Shirvaun Abbott is a determined and patient woman. She learned at a very young age to not give up, and to find solutions to her hearing loss.
One of those solutions was to apply for a Deaf Education Scholarship from the National Foundation for Deaf and Hard of Hearing. It meant she could afford her childhood education course, and allow her to focus on starting her studies sooner.
“It has meant I can get into the course and study better, not worry about also trying to save up for it,” the 21-year-old says.
Shirvaun is in her second year at university, having applied for an extension due to the Covid lockdowns last year. Her hearing loss has made it a challenge, but she is not giving up.
“I really like NZ Sign because it's more based on your body language. For English, it takes time to understand academic words that I don't really know.”
“During lockdown, I couldn’t go to campus. But I really want to meet the teachers to do face to face because it's easier for me to lip read instead of Zoom sessions. If I have a Zoom meeting, I ask for an interpreter, normally I have two interpreters for my classes.
On Zoom calls I have three sides – the interpreter is one the left, the screenshot [teacher presentations] is in the middle and the teacher is on the other side. Sometimes I can't watch them at the same time, so I watch the interpreter.”
“Sometimes either I or the interpreter will ask the teacher to slow down, and if I miss something, I have to email and wait. Sometimes the teacher replies the next day or it can be a few days.”
Shirvaun was born deaf, but her hearing parents did not realise she was deaf until she was two years old as there was no history of hearing loss in the family. They moved from South Africa to New Zealand and needed to seek help. Shirvaun had a Cochlear Implant fitted soon after.
“I used to hate it [the cochlear implant] because of the noise. I kept taking it off, and my parents were trying to push me to wear it so I could get used to it. But I used to keep hiding behind the couch and taking them off,” she recalls.
“They had all the wires and the batteries in the back, so it was quite heavy. As the technology changed, it became smaller and it now it goes to my ears. So I don't feel anything.”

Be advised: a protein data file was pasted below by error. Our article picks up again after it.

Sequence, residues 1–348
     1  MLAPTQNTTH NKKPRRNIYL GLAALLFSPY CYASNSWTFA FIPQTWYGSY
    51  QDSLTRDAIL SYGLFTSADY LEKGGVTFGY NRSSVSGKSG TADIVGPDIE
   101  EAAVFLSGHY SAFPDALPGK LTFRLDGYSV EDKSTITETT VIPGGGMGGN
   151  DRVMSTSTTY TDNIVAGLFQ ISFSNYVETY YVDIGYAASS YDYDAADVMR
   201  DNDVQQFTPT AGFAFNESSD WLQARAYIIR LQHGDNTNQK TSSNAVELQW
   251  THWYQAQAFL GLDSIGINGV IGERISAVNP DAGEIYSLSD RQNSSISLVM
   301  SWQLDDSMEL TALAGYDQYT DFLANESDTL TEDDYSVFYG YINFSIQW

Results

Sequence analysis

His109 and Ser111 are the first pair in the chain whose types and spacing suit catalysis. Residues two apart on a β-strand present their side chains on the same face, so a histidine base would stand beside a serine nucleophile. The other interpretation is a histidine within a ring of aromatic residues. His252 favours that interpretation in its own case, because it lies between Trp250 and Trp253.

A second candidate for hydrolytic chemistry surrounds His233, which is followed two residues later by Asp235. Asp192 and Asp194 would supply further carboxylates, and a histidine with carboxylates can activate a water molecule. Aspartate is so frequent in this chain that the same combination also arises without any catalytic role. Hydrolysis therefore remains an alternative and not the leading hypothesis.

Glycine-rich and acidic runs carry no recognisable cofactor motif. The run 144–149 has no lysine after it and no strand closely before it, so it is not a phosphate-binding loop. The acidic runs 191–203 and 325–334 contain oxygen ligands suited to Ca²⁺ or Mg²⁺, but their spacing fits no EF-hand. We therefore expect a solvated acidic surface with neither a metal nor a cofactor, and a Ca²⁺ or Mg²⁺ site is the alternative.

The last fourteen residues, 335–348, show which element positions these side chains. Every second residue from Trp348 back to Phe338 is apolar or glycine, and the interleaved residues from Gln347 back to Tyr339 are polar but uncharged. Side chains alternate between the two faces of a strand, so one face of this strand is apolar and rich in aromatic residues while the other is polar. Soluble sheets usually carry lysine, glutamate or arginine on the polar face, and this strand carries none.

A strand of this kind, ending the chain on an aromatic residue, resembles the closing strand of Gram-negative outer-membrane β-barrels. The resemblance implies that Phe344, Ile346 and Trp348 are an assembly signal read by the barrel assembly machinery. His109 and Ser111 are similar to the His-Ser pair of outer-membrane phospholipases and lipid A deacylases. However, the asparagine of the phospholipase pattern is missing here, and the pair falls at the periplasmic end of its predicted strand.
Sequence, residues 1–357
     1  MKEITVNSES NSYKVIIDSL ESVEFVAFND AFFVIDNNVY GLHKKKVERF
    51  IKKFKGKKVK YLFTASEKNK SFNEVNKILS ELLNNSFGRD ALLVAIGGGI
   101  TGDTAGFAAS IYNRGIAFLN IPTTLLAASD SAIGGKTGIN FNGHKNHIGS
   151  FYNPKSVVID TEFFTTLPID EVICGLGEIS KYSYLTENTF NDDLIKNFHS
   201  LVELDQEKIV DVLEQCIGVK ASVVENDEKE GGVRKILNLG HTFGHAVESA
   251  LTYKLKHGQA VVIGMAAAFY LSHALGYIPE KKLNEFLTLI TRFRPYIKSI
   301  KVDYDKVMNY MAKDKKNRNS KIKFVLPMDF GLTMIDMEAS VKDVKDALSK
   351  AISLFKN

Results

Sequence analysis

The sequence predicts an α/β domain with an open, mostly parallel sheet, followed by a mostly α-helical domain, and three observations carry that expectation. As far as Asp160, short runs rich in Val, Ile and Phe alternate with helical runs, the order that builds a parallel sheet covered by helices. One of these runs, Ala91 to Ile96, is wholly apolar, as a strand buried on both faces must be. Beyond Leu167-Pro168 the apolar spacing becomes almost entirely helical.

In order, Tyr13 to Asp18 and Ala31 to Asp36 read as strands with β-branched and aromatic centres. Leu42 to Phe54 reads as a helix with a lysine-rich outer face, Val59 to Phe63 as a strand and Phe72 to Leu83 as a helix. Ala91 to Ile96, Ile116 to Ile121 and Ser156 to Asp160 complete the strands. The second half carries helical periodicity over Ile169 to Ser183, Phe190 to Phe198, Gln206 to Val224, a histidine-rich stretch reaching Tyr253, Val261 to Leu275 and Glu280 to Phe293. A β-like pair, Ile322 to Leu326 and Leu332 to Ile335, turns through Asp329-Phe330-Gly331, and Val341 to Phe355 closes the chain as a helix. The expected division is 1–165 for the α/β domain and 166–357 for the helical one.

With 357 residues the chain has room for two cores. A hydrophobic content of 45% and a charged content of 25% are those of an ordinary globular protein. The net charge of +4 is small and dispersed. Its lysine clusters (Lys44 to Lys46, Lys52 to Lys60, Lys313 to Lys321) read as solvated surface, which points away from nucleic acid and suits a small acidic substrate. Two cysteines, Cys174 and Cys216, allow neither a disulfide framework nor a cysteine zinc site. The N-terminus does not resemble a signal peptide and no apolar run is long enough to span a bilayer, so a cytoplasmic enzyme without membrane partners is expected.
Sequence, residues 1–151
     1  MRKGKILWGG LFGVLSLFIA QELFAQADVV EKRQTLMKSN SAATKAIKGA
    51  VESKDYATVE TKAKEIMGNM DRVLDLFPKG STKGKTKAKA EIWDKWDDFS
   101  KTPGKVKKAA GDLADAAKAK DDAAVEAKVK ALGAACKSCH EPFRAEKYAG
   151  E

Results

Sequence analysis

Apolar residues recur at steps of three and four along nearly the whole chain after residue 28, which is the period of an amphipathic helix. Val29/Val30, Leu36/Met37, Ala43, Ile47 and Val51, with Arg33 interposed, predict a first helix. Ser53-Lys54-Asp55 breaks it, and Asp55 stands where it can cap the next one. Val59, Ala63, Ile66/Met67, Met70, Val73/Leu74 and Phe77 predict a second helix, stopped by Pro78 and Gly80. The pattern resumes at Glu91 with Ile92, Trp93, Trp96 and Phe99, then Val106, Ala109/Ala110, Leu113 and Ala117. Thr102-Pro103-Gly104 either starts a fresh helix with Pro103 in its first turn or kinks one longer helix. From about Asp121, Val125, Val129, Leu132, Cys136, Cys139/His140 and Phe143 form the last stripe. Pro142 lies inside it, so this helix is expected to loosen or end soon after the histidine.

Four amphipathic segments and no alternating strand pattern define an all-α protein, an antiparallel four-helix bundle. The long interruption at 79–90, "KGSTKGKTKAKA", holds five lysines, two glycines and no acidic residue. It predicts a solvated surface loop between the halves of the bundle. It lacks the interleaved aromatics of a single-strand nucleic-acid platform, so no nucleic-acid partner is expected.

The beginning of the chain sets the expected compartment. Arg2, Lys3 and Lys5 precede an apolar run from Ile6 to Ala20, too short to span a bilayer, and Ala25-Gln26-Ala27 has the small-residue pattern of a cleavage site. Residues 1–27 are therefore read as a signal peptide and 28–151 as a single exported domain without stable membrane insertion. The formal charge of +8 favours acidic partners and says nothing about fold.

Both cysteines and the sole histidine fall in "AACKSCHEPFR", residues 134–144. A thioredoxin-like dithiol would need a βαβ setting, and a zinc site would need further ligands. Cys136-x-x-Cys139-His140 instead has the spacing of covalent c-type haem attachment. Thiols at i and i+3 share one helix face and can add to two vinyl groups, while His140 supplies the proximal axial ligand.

Growing up in Auckland, Shirvaun attended a mainstream school with a Deaf Unit, learning English and NZ Sign Language alongside her other subjects. Her parents do not know NZSL, but have supported her through Deaf camps and events for people with hearing loss, including golf tournaments, cooking classes and movie nights.
Before lockdown, Shirvaun spent one day a week at a pre-school, gaining teacher aide experience. But now needs to focus on her studies full-time.
“It was good for me, because I could talk to every student – the deaf child doing in Sign, and hearing child I would speak.
“It made me want to be a deaf teacher, to be able to teach both worlds. I can do anything. I have got a lot of certificates and trophies, I pass on my grades.”
As part of her course she attended an observation week, cementing her desire to teach early childhood.
“I went to an observation week, and loved it. I love working with children. I got involved and played with them. They asked me to teach sign language and I just loved it. Some of the children have deaf parents so helping teach the children was just amazing.”
She is candid about how hard it can be. She has been bullied. But when she is low, friends lift her up again, and she wants to teach pupils with hearing loss that they can achieve their dreams.
“Deaf is not dumb. Deaf can do anything,” she says. “Just follow your dream.”
In our Share Your Story series, Deaf and hard of hearing New Zealanders open up about their experiences.
If you want to apply for the Deaf Education Scholarship, please click here: https://www.nfd.org.nz/nfd-trust-grants-ands-scholarships
Stay tuned for more interviews, which will soon be released to our blog: